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Publication Detail
Adolescent Health Series: Adolescent Neurocognitive Development in Western and Sub-Saharan African Contexts
  • Publication Type:
    Journal article
  • Authors:
    Pozuelo JR, Kilford EJ
  • Publication date:
  • Journal:
    Tropical Medicine and International Health
  • Status:
  • Country:
  • Language:
  • Keywords:
    Adolescence, Brain Development, Cognition, Decision-Making, Emotional Regulation, Social Cognition, Social Context
  • Notes:
    This version is the author accepted manuscript. For information on re-use, please refer to the publisher’s terms and conditions.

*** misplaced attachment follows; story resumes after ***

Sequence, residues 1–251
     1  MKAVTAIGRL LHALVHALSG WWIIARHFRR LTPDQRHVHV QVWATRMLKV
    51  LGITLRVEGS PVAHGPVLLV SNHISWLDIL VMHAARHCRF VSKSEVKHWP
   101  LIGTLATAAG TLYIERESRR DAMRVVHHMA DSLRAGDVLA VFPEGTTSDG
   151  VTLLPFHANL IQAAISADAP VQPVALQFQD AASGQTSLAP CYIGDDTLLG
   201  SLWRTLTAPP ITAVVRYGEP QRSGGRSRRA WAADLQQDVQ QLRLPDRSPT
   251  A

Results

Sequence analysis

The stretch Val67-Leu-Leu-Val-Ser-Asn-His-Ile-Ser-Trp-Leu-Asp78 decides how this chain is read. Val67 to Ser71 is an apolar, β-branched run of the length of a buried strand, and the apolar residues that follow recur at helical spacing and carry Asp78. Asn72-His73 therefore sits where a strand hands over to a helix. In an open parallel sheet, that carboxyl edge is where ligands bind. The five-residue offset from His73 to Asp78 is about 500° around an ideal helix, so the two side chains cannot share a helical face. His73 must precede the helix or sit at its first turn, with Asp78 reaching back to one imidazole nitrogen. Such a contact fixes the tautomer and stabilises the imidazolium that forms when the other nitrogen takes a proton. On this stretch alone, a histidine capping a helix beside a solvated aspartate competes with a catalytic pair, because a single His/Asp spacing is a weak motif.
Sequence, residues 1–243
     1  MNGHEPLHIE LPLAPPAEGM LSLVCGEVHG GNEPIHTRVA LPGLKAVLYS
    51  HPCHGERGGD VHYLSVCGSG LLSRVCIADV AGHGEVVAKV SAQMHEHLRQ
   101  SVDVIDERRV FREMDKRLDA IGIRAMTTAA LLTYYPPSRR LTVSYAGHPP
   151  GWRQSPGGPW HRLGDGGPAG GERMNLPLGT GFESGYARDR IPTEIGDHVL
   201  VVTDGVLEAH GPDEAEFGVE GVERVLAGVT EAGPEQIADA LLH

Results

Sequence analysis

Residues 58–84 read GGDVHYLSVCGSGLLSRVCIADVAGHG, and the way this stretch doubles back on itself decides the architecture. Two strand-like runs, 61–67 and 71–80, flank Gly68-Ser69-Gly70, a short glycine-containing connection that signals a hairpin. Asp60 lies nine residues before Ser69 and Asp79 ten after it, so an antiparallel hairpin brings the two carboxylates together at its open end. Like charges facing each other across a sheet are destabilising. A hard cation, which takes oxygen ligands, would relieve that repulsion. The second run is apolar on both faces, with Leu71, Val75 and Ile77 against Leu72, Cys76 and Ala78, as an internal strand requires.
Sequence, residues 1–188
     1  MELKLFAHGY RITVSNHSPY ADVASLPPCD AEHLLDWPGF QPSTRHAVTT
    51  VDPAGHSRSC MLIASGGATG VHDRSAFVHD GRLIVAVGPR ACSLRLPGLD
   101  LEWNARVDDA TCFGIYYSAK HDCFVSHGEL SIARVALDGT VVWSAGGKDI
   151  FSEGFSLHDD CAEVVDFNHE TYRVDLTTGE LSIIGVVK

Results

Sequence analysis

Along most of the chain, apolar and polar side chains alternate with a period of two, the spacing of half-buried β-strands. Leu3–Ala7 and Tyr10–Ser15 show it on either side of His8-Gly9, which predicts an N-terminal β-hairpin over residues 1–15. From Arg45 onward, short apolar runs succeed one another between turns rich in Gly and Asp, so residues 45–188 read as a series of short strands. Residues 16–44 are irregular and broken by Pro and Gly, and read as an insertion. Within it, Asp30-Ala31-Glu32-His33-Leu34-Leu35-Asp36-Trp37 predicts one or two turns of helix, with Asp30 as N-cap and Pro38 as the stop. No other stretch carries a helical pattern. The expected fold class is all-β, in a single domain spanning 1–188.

The transitional period of adolescence has long been associated with physical, social and behavioural change. During this time, adolescents start to develop their own self-identity, make important life decisions, and acquire the necessary skills to successfully transition to adulthood. More recently, advances in brain imaging technology have enabled increased understanding of structural and functional changes in the human brain during this developmental period, and how they relate to social, emotional, motivational and cognitive development. The ability to integrate these developing cognitive processes in increasingly complex social contexts is a key aspect of mature decision-making, which has implications for adolescent health, educational, economic and social outcomes. Insights from the field of developmental cognitive neuroscience could increase our understanding of this influential stage of life, and thus inform potential interventions to promote adolescent health, a critical goal for global health research. Many social changes occur during adolescence and the social environment shapes both brain and cognitive development, and the decisions adolescents make. Thus, it is important to study adolescent neurocognitive development in socio-cultural context. Yet, despite evidence from Western studies that socio-cultural and economic factors impact on adolescent neurocognitive development, existing studies of adolescent neurocognitive development in SSA are relatively scarce. We summarise research findings from Western and SSA contexts, and highlight areas where research is lacking. Longitudinal studies from more diverse global samples will be needed to build a comprehensive model of adolescent development, that characterises both commonalities in developmental trajectories, as well as the way these can meaningfully differ between both individuals and contexts.
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